What it will take to end this cruel system is for people like me, who know both sides of the story, and have both disadvantage as well as privilege near to hand, to stand up and refuse to compromise.  I will not accept any of the options where we have to tolerate a certain level of craven selfishness on the part of our leaders, and a certain level of hideous misery for those they rule.  

People wonder why Bernie Sanders cares so much about the economy; it is because he can see that our current way of life is slowly but surely transforming this world in to a vast concentration camp, and whatever he has to sacrifice to put himself in between us and that ghastly possibility is worth it to him.  He is a Jew who doesn’t believe in God anymore.  Why?  He is a Brooklyn Jew who put his heart and soul into Martin Luther King Jr.’s civil rights movement.  Ask yourself ‘why?’.  

We are fooling ourselves if we think it can’t happen to us in the United States; 2008 should have burned itself into our memory as a lesson in how that system works.  They just did it to Greece.

The only option that we should accept, the only option that I will accept, is the option where we all care about each other, where we all come into the future together on a level playing field.  This is called compassion in Buddhism; the realization that what happens to one of us is what happens to all of us.  Our destinies are intertwined.  The Dalai Lama says that a smart selfish person realizes that having compassion will benefit him or herself more than being egocentric.  Our contribution to the world decides what kind of world we will be living in.  We all have to live on the same planet, and in the same environment.  Not only that, but what we do to one another will always endure in our memories.  We have to live with that at the end of the day.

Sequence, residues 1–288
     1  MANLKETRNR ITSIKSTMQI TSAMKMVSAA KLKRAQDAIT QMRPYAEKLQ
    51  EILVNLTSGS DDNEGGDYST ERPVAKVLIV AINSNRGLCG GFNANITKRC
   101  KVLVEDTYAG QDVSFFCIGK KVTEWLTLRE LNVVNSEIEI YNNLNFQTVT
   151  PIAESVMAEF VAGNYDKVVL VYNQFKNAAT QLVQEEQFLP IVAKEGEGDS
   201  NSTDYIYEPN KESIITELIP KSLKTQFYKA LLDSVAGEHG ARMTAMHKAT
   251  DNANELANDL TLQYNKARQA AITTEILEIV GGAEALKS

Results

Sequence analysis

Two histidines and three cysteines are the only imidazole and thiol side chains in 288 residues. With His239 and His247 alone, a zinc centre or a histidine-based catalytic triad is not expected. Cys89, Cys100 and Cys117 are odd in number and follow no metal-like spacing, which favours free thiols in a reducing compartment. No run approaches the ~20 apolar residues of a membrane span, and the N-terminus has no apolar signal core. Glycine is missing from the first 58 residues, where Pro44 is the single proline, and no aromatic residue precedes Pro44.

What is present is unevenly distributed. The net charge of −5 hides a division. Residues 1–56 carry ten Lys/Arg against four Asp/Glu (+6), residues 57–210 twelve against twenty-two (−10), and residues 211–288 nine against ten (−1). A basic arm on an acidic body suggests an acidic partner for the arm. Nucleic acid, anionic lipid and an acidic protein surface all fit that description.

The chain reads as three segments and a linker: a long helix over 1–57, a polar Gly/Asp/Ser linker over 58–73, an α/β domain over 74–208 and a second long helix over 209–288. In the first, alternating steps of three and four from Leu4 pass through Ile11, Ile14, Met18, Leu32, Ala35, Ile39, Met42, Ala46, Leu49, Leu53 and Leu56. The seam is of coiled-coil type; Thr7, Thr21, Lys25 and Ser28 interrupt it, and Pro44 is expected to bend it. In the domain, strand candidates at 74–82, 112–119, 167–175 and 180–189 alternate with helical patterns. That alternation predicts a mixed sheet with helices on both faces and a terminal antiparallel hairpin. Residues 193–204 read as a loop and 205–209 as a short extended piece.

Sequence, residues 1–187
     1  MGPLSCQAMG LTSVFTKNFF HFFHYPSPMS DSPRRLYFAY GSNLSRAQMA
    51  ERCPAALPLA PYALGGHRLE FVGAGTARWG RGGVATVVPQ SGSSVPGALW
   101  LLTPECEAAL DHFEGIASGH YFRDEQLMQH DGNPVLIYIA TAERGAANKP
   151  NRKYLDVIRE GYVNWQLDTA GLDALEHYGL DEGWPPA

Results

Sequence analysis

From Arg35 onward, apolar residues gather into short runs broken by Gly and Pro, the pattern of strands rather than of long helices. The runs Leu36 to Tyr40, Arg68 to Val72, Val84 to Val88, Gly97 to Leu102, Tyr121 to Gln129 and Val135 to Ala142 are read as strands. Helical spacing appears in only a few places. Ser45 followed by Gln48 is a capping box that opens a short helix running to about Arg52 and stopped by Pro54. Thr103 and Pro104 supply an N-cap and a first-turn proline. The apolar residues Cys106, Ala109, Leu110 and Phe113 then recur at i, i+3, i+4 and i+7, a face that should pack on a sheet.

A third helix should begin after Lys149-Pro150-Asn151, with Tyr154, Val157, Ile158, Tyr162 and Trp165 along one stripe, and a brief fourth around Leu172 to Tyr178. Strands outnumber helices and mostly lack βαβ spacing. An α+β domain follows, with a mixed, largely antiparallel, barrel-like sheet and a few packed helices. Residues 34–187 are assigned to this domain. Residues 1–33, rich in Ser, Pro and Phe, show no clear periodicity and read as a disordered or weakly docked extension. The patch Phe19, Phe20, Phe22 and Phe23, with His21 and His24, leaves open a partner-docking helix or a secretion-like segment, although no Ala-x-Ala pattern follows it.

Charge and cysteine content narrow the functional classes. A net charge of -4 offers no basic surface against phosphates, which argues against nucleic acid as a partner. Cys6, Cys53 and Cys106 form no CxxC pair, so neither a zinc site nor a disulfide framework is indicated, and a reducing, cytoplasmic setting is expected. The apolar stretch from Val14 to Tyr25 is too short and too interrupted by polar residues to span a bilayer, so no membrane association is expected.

People go on and on about how consciousness is such an important evolutionary development, well, memory is a big part of that.  We see that animals like elephants who have long memories survive better because their elders can guide the herd to water in times of drought and make other decisions based on long term experience that turn out to be better decisions in the long run.  

Human beings pride ourselves on our consciousness so much.  We should at least have some respect for the power of memory and its enduring qualities that define our species.  A global apocalypse that convulses the planet in famine, war, and disease is definitely going to have a huge impact on the collective memory of the survivors, no matter how materially comfortable they may be.  What do we want to experience?  What kind of future do we want to have?  

The only conscionable future – the only future our consciousness, including memory, can tolerate – is one where we all arrive together, mutually benefiting and supporting each other.  These are the words I was born to say, these are the ideas that keep me writing songs and these are the messages my career as an artist is meant to convey.